I’m not one to collect things (except for concert ticket stubs), but I do have a fondness for vintage hobby books. As a child I liked to make things. Predictably, I made clothes for my Barbie dolls and jewelry for my friends and family, but I also made computer programs in BASIC on my Dad’s TI-99/4A. In the past few years I have come across old knitting books (I am an avid knitter), computer education books for kids, video game strategy guides, sewing manuals and so on. The books, of course, strike a nostalgic chord and take me back to rainy weekends spent in my bedroom dreaming up the most beautiful evening gown for Barbie with beads, fabric, yarn, ribbons and sequins strewn across the pink shag carpet (really, it was pink shag). The books also fill in a bit of history about DIY culture which has experienced a renaissance and surge of interest in the last 10 years. The 1980s – my teen years – did not celebrate crafting the way Martha Stewart and ReadyMade magazines do today. But making things was a significant, inter-generational activity for many. My Grandmother and Mother taught me how to knit and sew, and my Dad taught me how to program the TI-99/4A and Commodore64, as well as how to solder transistors and mix chemicals in my chemistry set. Crafting and ‘science’ experiments were the primary creative outlets of my youth, and continue to enrich my hobby life today.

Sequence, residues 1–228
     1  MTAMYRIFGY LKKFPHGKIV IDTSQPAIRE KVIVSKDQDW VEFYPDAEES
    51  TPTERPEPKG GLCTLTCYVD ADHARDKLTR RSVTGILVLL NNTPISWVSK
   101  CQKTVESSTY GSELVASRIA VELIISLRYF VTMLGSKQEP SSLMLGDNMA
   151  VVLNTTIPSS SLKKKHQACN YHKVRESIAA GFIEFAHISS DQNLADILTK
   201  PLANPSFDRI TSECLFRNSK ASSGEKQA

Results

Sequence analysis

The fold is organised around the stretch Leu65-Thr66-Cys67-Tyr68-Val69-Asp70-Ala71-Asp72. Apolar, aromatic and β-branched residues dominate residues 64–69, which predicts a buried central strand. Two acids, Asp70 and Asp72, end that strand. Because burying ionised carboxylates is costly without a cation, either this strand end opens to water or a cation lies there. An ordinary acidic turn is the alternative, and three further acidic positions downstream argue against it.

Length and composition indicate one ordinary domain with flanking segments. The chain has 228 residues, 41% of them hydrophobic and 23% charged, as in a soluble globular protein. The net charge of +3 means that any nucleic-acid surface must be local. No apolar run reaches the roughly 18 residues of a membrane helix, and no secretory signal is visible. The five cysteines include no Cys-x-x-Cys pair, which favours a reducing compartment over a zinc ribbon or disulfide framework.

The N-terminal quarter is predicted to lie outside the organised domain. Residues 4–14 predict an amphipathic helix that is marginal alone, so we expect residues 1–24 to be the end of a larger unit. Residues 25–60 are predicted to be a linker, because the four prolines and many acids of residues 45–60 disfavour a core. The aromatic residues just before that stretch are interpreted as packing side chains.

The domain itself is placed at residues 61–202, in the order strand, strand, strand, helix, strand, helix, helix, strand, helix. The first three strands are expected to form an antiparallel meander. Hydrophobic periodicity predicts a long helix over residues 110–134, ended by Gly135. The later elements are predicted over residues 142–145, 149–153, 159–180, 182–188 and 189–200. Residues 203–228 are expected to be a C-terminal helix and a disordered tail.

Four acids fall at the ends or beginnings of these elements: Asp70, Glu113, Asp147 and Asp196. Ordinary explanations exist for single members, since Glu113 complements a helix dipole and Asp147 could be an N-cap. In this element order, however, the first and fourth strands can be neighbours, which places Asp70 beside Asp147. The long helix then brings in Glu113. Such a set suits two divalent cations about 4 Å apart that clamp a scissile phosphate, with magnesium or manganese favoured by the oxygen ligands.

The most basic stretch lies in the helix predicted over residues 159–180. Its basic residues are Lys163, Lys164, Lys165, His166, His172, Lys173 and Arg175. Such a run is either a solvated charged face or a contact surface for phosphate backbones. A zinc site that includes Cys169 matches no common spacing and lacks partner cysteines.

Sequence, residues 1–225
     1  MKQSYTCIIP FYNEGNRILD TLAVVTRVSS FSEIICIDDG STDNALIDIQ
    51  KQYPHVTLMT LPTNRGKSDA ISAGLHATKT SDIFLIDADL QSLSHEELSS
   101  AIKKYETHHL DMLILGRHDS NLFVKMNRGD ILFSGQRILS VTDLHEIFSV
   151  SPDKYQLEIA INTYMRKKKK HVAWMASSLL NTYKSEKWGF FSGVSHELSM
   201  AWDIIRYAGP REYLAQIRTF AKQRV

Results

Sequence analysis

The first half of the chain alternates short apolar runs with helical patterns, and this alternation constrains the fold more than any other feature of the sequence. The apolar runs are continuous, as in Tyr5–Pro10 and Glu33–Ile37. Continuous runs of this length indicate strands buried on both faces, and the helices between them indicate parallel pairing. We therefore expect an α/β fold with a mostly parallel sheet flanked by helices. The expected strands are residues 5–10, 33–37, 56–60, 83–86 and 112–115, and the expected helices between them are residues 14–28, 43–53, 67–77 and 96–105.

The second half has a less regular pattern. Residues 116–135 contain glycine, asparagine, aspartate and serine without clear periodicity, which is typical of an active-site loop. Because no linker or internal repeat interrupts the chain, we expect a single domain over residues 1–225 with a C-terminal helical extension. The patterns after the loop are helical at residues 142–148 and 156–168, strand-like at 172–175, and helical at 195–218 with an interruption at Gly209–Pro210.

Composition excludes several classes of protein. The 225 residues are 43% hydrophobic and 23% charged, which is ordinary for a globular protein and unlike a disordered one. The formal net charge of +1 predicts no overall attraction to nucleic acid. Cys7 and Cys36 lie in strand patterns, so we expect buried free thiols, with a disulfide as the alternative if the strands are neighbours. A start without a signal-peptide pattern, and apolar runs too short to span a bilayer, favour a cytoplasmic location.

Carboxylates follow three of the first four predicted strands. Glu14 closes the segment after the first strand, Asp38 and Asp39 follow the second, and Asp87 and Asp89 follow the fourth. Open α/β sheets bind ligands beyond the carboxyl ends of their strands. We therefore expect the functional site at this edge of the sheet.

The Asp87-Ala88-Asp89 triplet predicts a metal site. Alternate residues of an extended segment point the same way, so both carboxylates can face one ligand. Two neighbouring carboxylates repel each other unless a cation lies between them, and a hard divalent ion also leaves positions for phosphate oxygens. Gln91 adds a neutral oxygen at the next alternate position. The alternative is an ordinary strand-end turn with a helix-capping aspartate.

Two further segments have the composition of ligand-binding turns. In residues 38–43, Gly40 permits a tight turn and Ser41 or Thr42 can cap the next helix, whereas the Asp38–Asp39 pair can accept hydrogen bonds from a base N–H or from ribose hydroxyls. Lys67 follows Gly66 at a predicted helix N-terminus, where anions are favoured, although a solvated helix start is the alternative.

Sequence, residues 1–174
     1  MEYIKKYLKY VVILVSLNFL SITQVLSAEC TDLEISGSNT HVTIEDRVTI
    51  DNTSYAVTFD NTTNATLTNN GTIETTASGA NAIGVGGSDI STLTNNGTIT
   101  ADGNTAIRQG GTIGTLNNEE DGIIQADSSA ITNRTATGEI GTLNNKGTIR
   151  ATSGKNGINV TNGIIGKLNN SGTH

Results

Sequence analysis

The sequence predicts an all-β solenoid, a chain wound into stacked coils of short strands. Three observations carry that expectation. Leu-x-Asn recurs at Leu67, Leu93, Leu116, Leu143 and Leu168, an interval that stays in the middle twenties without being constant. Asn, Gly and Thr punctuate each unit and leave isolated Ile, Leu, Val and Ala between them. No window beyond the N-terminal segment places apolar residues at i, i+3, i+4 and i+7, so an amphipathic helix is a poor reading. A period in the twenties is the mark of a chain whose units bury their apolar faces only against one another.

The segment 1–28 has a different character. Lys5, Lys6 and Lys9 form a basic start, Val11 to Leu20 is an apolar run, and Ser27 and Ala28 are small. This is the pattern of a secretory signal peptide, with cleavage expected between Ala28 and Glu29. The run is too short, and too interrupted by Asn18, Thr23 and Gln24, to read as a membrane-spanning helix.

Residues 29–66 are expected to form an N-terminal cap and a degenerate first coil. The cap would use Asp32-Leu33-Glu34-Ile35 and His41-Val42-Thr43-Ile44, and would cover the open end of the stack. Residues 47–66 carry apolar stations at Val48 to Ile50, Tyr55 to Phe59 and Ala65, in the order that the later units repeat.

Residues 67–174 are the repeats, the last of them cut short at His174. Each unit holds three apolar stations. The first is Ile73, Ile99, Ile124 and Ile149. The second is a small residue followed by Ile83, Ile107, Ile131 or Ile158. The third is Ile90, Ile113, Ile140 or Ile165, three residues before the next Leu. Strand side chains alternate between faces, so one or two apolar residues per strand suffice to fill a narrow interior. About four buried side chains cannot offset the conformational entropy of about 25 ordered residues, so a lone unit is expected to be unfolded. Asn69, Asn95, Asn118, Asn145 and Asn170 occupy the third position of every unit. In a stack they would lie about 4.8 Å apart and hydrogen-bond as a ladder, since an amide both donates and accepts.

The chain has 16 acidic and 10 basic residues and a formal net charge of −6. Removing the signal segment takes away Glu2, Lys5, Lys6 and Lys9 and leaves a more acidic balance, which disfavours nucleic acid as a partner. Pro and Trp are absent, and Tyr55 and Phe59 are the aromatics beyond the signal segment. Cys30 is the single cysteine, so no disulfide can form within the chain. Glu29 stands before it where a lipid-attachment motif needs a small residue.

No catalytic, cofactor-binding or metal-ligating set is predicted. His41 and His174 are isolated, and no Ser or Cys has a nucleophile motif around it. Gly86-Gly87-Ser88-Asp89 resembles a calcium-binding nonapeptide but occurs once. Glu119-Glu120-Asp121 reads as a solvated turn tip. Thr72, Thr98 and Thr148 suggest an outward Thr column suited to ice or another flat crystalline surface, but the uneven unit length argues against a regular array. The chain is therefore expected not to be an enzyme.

I’ve scanned a few of the books I’ve discovered thus far, and will continue to add to the collection. Here is a sample.
game of thrones / hbo
philharmonics / agnes obel
bioshock: infinite / ps3
ready player one / ernest cline